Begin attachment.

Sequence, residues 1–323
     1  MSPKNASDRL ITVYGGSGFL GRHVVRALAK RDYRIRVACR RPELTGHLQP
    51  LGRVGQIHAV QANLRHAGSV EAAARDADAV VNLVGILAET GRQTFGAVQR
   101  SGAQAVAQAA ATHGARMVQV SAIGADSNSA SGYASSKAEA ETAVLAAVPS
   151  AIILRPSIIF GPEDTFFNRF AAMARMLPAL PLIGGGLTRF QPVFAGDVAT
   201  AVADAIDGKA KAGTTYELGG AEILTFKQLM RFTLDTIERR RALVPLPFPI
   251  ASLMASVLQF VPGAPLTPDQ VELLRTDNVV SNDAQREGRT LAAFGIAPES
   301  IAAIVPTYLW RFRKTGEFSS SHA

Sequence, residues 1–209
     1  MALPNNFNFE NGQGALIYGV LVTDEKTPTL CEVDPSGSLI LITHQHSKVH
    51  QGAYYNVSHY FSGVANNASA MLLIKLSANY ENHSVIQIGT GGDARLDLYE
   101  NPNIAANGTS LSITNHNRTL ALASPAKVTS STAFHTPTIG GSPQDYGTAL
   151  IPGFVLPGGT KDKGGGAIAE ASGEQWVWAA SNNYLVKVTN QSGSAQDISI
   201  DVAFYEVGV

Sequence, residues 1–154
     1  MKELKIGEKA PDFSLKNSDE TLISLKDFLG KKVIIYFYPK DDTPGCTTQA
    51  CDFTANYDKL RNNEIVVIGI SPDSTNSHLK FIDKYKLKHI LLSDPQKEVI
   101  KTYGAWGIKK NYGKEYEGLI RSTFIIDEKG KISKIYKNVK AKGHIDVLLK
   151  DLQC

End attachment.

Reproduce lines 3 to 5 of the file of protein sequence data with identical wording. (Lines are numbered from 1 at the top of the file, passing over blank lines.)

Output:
    51  LGRVGQIHAV QANLRHAGSV EAAARDADAV VNLVGILAET GRQTFGAVQR
   101  SGAQAVAQAA ATHGARMVQV SAIGADSNSA SGYASSKAEA ETAVLAAVPS
   151  AIILRPSIIF GPEDTFFNRF AAMARMLPAL PLIGGGLTRF QPVFAGDVAT